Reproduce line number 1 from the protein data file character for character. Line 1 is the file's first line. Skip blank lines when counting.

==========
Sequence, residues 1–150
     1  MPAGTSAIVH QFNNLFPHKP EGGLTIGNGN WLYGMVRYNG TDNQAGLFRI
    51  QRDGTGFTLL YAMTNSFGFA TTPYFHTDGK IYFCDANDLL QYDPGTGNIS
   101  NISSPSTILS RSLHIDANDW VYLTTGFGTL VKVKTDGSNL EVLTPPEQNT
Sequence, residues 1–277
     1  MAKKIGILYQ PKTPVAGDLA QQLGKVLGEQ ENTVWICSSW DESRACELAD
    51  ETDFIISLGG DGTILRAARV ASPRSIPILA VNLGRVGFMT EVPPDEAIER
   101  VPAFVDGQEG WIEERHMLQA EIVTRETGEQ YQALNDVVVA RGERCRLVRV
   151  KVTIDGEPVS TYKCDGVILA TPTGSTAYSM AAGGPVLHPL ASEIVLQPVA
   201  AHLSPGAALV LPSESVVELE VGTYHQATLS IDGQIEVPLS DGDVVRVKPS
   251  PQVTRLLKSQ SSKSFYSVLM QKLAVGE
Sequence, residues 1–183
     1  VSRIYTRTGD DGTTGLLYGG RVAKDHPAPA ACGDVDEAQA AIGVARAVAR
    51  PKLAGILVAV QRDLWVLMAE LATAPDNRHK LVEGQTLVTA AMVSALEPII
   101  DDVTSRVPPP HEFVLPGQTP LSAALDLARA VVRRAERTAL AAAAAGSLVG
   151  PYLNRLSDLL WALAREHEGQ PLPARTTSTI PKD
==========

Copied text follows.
Sequence, residues 1–150